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Gretel Python Client

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The Gretel Python Client allows you to interact with the Gretel REST API. Where possible, we have added specific conveinence to help auto-manage things like ingest of large amounts of records. Please see the getting started section and the module documentation for more details.

In order to use this client, you must have a valid API key. Please login to our console in order to get one.


For basic installation:

$ pip install gretel-client

If you are working with Pandas and wish to enable the features for working with DataFrames:

$ pip install gretel-client[pandas]

Getting Started

The easiest way to get started is by creating a Project instance that allows you to directly interface with a Gretel project.

Gretel will automatically manage API calls based on the project instance you are working with.

First, you will need to create a Client instance:

from gretel_client import get_cloud_client

client = get_cloud_client('api', 'your_api_key')

Next, you can create a Project instance. This high-level object let’s you interact direclty with your project. To do this, you can use the get_project factory method that is part of the Client instance.


Get an existing project

You can get an existing project by:

project = client.get_project(name='my_existing_project')

This will raise a BadRequest error if the project does not exist or you are not a member.

Create a project

You can create a new named project by using the create flag.

project = client.get_project(name='my_named_project', create=True)

If the project exists or the name is available, a Project instance is returned. Otherwise a BadRequest is raised.

Optionally, if a name does not matter, you can use an auto-named project and Gretel will create one for you:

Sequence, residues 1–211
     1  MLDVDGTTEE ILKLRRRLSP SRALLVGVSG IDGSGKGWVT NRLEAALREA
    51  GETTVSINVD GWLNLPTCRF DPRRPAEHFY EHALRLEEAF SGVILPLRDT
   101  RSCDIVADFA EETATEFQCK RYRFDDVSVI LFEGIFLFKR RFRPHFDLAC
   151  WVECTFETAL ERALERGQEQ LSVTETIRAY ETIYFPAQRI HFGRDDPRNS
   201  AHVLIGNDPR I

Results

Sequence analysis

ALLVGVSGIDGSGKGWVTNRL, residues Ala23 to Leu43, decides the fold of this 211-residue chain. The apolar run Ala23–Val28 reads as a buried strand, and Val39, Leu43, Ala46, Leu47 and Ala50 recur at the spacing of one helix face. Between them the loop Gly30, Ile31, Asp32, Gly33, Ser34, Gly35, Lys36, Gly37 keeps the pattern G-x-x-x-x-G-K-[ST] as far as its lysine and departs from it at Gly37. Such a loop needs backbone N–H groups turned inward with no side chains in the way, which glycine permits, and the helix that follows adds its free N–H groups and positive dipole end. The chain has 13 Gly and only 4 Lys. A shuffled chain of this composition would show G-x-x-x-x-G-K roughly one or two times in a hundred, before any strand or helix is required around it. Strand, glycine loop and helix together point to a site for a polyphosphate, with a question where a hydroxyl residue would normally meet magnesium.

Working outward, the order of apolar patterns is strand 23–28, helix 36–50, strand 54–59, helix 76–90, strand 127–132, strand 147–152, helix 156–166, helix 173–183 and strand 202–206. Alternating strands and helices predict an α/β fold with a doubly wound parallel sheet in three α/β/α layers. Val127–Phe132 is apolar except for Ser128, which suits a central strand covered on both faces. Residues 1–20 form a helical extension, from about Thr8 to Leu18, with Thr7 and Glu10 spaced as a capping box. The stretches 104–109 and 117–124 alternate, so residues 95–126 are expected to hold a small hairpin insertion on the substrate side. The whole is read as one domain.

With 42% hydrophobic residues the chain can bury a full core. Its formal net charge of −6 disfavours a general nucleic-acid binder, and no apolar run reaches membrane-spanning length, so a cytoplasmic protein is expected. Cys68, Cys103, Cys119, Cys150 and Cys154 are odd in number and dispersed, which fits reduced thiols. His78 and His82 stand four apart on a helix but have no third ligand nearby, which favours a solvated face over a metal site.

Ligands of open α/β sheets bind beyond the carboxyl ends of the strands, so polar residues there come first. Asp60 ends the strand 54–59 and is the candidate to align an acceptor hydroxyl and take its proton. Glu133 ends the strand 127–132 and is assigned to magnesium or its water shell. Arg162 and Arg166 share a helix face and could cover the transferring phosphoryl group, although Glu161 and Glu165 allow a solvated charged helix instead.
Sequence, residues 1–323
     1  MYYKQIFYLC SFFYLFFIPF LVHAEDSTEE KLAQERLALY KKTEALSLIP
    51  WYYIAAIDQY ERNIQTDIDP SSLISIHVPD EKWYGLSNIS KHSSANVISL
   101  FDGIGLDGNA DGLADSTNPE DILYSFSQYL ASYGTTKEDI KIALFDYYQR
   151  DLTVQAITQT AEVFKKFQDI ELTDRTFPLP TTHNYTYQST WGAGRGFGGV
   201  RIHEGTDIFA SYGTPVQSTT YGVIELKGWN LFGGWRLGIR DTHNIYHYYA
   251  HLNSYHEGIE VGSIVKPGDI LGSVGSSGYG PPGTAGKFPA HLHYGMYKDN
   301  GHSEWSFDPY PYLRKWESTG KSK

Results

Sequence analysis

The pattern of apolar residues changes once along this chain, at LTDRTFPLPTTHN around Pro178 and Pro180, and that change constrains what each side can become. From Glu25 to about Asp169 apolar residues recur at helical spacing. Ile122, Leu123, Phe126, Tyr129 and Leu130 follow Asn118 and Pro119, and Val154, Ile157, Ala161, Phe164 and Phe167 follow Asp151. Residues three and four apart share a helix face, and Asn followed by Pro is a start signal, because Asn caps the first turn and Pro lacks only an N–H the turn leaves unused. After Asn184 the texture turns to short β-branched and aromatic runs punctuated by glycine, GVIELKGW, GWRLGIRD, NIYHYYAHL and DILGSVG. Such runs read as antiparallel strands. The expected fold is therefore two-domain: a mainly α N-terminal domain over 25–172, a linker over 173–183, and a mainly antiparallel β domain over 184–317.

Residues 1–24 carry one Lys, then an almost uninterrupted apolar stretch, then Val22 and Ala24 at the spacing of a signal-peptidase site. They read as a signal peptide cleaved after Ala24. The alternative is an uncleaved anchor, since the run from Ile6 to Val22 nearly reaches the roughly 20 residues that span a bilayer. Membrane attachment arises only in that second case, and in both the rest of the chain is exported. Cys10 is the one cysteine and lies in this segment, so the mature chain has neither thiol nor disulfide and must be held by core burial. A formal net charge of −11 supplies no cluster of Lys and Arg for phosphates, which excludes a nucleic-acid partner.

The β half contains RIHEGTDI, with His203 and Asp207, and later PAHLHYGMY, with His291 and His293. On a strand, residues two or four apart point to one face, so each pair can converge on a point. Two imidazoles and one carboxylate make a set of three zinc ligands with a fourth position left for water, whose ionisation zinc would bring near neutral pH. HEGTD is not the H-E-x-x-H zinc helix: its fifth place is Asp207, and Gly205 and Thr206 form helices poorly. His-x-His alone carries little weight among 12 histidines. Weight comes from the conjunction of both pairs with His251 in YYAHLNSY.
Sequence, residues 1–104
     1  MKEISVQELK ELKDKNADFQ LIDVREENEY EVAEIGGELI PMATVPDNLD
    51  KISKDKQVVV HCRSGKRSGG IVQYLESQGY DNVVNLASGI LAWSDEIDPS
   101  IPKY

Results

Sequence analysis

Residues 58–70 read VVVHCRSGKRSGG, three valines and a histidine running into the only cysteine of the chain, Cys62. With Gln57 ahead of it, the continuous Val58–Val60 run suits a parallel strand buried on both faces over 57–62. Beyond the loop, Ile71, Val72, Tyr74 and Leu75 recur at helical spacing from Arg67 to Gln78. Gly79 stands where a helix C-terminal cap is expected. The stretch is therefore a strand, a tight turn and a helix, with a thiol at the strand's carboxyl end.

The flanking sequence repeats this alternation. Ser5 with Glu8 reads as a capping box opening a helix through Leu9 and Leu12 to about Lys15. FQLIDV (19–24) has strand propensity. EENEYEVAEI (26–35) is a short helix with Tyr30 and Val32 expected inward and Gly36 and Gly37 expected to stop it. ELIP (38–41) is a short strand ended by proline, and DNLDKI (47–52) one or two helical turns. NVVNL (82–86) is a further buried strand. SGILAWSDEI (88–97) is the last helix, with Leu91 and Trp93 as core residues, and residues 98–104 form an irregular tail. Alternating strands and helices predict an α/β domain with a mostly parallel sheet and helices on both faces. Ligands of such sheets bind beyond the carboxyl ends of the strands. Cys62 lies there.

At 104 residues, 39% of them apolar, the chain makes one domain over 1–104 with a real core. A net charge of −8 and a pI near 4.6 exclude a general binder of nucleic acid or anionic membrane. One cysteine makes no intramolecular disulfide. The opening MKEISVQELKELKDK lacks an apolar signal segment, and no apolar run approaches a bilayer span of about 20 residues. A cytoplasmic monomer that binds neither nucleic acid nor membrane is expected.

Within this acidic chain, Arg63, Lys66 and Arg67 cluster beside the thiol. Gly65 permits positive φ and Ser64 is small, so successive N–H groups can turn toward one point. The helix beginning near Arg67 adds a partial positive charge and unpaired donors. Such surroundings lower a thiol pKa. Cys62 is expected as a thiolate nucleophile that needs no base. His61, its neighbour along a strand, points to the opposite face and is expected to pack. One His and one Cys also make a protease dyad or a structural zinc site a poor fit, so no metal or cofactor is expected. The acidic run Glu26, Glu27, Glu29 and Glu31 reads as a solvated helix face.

project = client.get_project(create=True)

You can see the name Gretel created by checking

Flushing and Deleting projects

Once you have a project instance you can flush and delete it.

Assuming an instance variable name of project, you can:


This will purge all data from the metastore and delete cached annotated records. Your project namespace, permissions, and collaborators will still be there.



This will flush all data (see above) and also delete the project shell (name, description), collaborators, and permissions.


NOTE: Both of these commands run asyncronously in Gretel as they are called. So it may be a few moments for them to complete. Additionally, your project instance, if using delete() will not be usable anymore.

Sending Records

The Gretel API consumes JSON-formatted records. There’s a few ways that you can send these via the client.


You can send Python dictionaries directly using different methods.

First, you can send them on an API-call-by-API-call basis. When records are received by the Gretel API, each record is assigned a gretel_id and the status of each record (success or fail) is returned to the user. You can utilize this behavior with the send() method:

This method will return a tuple of success and failure notifications.

s, f = project.send({'foo': 'bar'})

The list of success items will look like:

[{'idx': 0, 'gretel_id': '8afbd2c8f5b147c9bd30faffa3e5ad0a'}]

idx refers to the index in the original list of records that were sent. If you only sent a single record (a dict) then idx 0 will refer to that record.

The failure list will be empty if there were no issues on ingest.

You may also send a list of dicts. When using send() you will be subject to the max record size per API call, which is currently 50.

data = [{'foo': 'bar'}, 1, 2, 3]
s, f = project.send(data)

Here only the first record is valid:

[{'idx': 0, 'gretel_id': '4c34d2fbc2974f81af2c07ac78eedcef'}]

And the last three were not valid JSON objects:

[{'idx': 1,
  'message': 'Individual records must be JSON objects',
  'sender_fault': True},
 {'idx': 2,
  'message': 'Individual records must be JSON objects',
  'sender_fault': True},
 {'idx': 3,
  'message': 'Individual records must be JSON objects',
  'sender_fault': True}]

Bulk Records

If you are streaming data or sending large amounts of records, you may not want to worry about using the send() method and chunking up your records. For this use case, you may use the send_bulk() method. It has the same signature as send() but the client will automatically chunk the input up and multithread to push the records to Gretel.

One exception to using this is that you will not receive any success or failure confirmations.

data = [{f'foo_{i}': 'bar'} for i in range(500)]

# >> 500 records [00:00, 157184.23records/s]

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